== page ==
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Page added on July 24, 2010

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China turns on demand power


China, the demander, gains too much leverage on exporting countries that have not managed to diversify their clientele.

With a grim scenario of minimal economic growth and decreased energy consumption in store for the US, the European Union and Japan for some time to come, energy exporting states dominated by a single sector hope to spread their risks by selling fossil fuels in Africa and Latin America, not to mention non-Chinese Asian players with robust growth like India.

But economies of scale and the instant attraction of a bottomless Chinese market imply that Beijing has the power to become kingmaker for many energy supplying countries, with far-reaching political and diplomatic consequences.

For instance, Saudi Arabia – the world’s second-largest crude oil producer – used to rely on the US as its single-largest customer for petroleum liquids up to 2008, averaging 1.53 million barrels per day.

In 2009, this figure fell to 989,000 while Saudi oil exports to China surged to above 1 million barrels a day. With overall net crude imports of around 5.4 million barrels a day and a projected uptick of 900,000 more barrels a day in the next two years, China is set to keep the US displaced for good as Saudi Arabia’s number one destination.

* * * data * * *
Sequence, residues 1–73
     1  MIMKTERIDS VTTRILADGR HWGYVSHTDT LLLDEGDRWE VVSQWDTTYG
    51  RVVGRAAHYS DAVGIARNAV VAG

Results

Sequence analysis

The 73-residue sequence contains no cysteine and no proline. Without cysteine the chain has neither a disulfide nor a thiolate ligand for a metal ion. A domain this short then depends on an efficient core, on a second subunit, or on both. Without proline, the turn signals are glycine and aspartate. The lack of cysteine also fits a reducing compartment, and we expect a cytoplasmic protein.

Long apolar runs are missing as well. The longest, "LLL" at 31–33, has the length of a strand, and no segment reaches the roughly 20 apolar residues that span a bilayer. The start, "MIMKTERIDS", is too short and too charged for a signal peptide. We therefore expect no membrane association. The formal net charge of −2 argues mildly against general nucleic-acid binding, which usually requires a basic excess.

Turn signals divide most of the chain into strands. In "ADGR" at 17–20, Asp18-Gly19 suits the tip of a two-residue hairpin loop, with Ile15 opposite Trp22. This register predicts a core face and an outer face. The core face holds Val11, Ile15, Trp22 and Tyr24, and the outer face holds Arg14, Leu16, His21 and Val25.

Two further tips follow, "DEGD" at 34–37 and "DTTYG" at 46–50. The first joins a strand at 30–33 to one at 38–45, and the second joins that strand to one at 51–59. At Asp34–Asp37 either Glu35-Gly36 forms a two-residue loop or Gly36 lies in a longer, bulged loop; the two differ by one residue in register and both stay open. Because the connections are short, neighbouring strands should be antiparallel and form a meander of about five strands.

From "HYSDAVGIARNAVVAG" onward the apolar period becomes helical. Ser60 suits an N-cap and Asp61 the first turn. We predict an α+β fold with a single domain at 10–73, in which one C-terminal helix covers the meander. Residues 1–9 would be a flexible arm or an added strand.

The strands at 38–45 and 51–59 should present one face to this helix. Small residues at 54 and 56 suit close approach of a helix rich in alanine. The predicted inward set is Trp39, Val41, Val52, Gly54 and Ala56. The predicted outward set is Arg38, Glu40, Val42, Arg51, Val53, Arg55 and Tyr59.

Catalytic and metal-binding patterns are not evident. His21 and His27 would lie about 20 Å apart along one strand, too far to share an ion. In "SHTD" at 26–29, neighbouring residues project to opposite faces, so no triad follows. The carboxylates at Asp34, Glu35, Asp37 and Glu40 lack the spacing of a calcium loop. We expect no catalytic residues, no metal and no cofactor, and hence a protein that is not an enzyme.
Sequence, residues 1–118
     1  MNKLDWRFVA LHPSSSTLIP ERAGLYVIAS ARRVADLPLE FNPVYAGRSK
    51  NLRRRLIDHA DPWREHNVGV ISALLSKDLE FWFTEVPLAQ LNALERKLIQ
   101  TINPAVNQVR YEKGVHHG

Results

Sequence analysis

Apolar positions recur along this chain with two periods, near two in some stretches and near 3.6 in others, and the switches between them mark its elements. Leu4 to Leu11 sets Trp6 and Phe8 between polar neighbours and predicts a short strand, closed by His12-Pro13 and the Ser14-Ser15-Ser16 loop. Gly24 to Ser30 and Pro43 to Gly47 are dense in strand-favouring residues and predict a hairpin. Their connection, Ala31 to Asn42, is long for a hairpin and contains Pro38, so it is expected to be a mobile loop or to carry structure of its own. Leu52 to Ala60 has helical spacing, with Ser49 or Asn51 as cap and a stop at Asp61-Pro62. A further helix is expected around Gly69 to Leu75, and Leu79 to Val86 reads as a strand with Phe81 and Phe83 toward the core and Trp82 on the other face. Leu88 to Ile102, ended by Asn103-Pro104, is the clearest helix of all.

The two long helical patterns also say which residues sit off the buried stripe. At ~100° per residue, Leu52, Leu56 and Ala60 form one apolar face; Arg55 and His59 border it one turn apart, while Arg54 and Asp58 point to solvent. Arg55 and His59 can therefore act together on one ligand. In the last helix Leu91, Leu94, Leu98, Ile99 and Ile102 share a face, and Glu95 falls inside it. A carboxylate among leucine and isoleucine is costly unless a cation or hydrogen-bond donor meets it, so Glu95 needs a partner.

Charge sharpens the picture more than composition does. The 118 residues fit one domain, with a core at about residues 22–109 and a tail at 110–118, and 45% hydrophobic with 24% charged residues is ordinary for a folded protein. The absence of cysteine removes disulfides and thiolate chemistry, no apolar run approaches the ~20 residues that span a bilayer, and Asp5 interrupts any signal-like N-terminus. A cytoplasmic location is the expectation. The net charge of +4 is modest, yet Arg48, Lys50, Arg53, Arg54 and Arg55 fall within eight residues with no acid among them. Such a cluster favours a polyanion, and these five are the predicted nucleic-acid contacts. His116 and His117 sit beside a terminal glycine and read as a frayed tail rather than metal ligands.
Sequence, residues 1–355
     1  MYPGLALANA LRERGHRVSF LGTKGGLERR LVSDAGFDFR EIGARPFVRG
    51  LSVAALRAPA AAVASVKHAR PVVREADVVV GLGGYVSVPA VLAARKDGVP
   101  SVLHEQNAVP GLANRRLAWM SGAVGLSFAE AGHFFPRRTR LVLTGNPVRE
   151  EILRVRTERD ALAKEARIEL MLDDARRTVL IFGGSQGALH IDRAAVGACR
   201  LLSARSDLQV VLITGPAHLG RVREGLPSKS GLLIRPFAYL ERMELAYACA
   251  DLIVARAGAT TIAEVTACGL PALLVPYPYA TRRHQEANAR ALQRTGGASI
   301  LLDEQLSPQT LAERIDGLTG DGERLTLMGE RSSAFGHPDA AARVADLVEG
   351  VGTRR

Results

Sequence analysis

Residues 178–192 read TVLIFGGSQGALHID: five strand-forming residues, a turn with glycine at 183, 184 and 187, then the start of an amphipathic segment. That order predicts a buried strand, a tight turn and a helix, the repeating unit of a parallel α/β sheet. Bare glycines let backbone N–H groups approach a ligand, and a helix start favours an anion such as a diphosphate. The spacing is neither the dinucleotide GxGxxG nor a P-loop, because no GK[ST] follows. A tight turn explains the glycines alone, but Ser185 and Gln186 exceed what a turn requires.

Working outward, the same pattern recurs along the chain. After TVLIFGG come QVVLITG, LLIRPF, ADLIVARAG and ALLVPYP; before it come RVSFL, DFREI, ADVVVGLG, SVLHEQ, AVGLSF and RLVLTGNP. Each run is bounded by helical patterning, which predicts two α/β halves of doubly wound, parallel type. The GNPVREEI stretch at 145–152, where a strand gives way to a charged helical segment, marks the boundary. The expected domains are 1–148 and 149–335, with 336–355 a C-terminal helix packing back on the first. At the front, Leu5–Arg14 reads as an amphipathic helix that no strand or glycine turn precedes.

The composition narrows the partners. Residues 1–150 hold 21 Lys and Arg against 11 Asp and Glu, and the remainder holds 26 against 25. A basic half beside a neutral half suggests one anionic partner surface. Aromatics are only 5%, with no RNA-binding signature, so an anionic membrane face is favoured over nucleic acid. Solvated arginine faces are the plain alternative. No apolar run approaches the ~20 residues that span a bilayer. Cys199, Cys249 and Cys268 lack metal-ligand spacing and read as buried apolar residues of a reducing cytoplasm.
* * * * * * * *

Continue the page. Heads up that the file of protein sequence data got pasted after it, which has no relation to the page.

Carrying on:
Until now, the domestic politics and foreign policy of the kingdom bore a distinct American influence, which in turn was linked to oil interests in the US. This whole political economy of a US-Saudi special relationship is now being upended by the entry of China. The day China develops a more interested and active policy position on Middle Eastern conflicts and alignments will be momentous because the two oil-producing arch-enemies of the region – Saudi Arabia and Iran – are both predominantly dependent on the Chinese market for their economic fortunes.

Asia Times

2 Comments on "China turns on demand power"

  1. KenZ300 on Sun, 25th Jul 2010 12:09 pm 

    Limited resources of oil, water and food will cause nations and economies to rethink their alliances.

    Are we prepared for a world with limited and expensive resources? Our economies were built on cheap energy. How will our economies handle limited and expensive energy?

    We need to diversify our types and supplies of energy. Alternative energy sources like wind, solar, and biofuels need to ramp up production to keep up with the ever expanding world population.

    Looks like limited resources will make life less secure.

  2. KenZ300 on Mon, 26th Jul 2010 1:44 am 

    How much did the run up in oil prices to $147 per barrel contribute to the collapse of the economy?

    If the price of oil had not run up so far so fast would people have had enough money to pay their mortgages?

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